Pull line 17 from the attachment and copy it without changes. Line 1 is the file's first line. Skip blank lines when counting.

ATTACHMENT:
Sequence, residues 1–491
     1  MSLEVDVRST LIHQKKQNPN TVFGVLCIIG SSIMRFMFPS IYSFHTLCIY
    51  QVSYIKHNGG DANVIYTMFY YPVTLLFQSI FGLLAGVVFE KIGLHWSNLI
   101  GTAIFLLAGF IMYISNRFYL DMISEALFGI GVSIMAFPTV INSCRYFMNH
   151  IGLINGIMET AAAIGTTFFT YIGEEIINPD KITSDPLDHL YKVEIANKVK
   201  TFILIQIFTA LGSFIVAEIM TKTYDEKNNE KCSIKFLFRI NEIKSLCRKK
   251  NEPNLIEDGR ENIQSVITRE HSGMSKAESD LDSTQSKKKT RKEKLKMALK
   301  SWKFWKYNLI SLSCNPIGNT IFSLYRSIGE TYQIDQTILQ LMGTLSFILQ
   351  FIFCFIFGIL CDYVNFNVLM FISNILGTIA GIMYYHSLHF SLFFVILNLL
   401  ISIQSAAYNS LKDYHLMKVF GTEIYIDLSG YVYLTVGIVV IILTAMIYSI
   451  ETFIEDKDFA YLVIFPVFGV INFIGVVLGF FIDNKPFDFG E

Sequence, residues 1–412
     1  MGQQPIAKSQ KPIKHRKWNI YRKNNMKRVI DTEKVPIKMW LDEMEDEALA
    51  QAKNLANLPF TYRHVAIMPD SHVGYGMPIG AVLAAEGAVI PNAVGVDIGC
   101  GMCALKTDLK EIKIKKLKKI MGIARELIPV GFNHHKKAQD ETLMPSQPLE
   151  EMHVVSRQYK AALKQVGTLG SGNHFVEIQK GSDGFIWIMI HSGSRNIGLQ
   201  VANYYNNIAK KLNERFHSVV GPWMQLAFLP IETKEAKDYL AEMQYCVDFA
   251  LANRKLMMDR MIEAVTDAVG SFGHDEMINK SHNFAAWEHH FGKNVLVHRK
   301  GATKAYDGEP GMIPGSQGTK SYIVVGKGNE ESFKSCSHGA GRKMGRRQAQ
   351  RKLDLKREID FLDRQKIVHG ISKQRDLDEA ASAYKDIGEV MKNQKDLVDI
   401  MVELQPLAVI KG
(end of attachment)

   201  VANYYNNIAK KLNERFHSVV GPWMQLAFLP IETKEAKDYL AEMQYCVDFA